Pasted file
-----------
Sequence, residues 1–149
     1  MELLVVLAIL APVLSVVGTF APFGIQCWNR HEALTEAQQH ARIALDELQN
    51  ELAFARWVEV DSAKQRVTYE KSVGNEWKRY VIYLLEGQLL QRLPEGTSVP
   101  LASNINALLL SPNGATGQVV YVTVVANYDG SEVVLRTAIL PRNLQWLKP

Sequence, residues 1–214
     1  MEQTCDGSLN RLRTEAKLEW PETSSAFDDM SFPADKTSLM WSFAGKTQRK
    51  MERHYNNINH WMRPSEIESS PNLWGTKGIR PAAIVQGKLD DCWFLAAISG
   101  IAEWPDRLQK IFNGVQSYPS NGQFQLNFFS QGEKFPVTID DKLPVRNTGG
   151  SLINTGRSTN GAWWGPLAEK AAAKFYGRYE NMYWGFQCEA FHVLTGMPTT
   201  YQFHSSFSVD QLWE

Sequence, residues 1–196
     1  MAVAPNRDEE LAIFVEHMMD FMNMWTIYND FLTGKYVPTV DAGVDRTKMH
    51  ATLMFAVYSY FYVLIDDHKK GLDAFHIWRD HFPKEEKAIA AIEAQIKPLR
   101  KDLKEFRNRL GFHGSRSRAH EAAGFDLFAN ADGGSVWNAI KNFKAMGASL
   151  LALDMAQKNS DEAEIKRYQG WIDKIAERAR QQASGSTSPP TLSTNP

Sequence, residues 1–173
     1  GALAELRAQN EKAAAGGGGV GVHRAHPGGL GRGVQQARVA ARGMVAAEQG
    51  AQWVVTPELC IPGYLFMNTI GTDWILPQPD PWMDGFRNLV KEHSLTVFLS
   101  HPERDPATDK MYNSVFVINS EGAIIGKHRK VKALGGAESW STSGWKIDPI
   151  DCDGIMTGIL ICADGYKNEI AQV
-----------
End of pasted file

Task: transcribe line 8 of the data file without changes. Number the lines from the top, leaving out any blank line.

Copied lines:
   101  IAEWPDRLQK IFNGVQSYPS NGQFQLNFFS QGEKFPVTID DKLPVRNTGG